Alibaba co-founder: Hong Kong's free market economy great for capital formation
Updated 16:45, 20-Jun-2021
Andrew Ross Sorkin (L) interviews Joe Tsai during CNBC's "Squawk Box" at Barclays Center in Brooklyn, New York, U.S., June 15, 2021. /Screenshot of interview video

Andrew Ross Sorkin (L) interviews Joe Tsai during CNBC's "Squawk Box" at Barclays Center in Brooklyn, New York, U.S., June 15, 2021. /Screenshot of interview video

China's Hong Kong is great for capital formation thanks to the city's free market economy and the most benign tax system, said Alibaba co-founder and former CFO Joe Tsai during a recent interview with CNBC.

"You put money into the Hong Kong Stock Exchange today and in Hong Kong dollars, tomorrow you can take it out in U.S. dollars. There's a free flow of capital… It also has the most benign tax system there is for capital formation. The income tax rate is only 15 percent and there's no capital gains rate, no taxes on capital gains and dividends," he illustrated.

Currently living in Hong Kong, Tsai said they now have more stability with the national security legislation in Hong Kong, where used to be one of the very few places that did not have such legislation in place.

Being a Mandarin speaker, Tsai recalled how he felt "physically threatened" with the violent protesters back in 2019, who attacked people whoever speaks Mandarin, for assuming they are from the Chinese Mainland.

"I think there's a lot of criticisms over [Hong Kong's] democracy and freedom, or freedom of speech is being suppressed. But overall, since they [the government] instituted the National Security Law, everything is now stabilized," he said. "Hong Kong is going to be fine."

Looking back at history when Hong Kong fell under the British Empire's colonial rule, Tsai told the anchor, Andrew Ross Sorkin from CNBC's "Squawk Box", that "if you put yourself in the Chinese people's mindset, if you're a Chinese citizen… I want to make sure that we prevent foreign powers from carving up our territories. I think Hong Kong ought to be seen in that context."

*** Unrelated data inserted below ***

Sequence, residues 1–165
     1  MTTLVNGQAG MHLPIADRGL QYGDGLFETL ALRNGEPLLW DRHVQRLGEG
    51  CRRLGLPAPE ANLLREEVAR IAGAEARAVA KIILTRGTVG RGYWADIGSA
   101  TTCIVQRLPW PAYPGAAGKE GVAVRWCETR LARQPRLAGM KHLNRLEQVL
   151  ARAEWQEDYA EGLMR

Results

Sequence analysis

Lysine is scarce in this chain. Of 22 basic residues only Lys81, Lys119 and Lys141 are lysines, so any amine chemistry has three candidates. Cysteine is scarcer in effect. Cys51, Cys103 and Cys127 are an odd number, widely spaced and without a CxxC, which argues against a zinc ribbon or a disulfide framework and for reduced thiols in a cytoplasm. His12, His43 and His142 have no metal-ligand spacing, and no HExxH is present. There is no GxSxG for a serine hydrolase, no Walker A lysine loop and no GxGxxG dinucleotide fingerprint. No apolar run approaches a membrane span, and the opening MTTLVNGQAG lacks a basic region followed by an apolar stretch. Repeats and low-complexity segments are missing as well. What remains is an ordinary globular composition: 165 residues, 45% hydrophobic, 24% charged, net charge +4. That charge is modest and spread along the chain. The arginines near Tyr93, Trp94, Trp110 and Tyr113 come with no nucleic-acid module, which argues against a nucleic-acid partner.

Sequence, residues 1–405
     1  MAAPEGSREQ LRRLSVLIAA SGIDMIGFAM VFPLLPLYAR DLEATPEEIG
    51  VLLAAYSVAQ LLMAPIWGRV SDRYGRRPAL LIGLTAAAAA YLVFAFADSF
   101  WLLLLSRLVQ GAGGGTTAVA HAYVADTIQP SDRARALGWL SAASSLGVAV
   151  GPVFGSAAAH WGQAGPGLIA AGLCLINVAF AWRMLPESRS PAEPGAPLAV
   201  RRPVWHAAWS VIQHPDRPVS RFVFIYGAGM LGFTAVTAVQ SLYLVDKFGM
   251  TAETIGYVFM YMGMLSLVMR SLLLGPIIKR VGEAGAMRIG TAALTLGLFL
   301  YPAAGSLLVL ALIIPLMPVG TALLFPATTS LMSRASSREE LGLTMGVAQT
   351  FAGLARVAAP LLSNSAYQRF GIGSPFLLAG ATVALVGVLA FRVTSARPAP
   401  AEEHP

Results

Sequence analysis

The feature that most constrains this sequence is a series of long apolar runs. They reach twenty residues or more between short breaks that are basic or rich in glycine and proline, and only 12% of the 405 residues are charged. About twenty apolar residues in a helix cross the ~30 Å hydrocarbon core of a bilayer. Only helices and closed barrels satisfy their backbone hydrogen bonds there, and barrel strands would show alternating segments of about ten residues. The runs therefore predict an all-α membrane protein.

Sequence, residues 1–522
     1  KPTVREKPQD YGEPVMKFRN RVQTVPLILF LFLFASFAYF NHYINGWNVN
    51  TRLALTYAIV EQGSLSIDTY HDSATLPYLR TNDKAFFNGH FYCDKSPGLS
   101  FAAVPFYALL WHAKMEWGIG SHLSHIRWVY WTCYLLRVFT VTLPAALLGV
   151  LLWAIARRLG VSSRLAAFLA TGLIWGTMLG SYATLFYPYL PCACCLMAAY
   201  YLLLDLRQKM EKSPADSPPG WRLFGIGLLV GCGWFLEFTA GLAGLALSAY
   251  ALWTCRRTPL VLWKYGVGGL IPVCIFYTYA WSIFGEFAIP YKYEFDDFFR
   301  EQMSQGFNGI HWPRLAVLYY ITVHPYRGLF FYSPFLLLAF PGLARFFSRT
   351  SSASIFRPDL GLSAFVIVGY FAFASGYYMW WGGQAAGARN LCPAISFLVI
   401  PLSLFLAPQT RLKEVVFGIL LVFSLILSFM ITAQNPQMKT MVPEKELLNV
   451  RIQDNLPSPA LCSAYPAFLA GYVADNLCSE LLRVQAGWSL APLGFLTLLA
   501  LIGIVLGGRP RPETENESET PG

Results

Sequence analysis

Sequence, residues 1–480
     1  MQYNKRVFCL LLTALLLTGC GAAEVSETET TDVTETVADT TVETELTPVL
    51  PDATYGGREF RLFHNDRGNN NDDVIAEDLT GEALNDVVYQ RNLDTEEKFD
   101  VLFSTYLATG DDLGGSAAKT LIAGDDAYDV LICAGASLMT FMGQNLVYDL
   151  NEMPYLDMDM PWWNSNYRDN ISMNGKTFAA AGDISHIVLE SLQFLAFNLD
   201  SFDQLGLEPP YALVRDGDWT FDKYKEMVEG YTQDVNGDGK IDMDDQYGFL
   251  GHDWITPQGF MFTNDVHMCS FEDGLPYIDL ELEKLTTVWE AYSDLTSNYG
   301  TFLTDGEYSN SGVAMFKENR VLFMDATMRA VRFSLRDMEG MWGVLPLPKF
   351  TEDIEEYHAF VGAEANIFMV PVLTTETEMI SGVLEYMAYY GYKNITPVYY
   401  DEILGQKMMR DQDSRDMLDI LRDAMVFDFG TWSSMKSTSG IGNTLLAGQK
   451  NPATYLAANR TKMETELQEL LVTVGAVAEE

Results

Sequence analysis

People happy about where they are

Responding to Sorkin's questions on what he called "human rights abuses in China," Tsai said it has to be more specific on what "human rights abuse" the anchor is talking about, because from his observation the large number of the population – about 80 to 90 percent – are "very, very happy with the fact that their lives are improving every year," he said.

The GDP per capita in China today is over $10,000, while it was only $800 in 1999 when he started Alibaba, Tsai illustrated.

Tsai said children in China have a better life than their parents, will be educated and find good jobs benefiting from the expanding Chinese economy.

Different cultures different values

Speaking of how he thought about that American companies were criticized such as by Republican Senator Marco Rubio as hypocrisy for doing business in China, Tsai said "I think American companies, CEOs, understand this very well which is different cultures have different values and mores and in China you have different set of values."

China has "a very different political system, [in which] one single party dominates the governance of the country...whether you like it or not, there are some great benefits," he said.

"China has managed to build a terrific infrastructure because there's no politicking around whether you should build a highway from point A to point B," he illustrated.

"The bottom line is, you have to look at the results, are people happy. When I look at China, the average citizen is very hopeful about the future," Tsai added.

Tsai is the executive vice chairman of Alibaba and the owner of the Brooklyn Nets National Basketball Association team. He is now at the 189 place on the Forbes Billionaires 2021 and 10th on the Hong Kong's 50 Richest 2021, with $11.1 billion.

Aged 57, Tsai was raised up in China's Taiwan and carries a Canadian passport. He graduated from Yale University.

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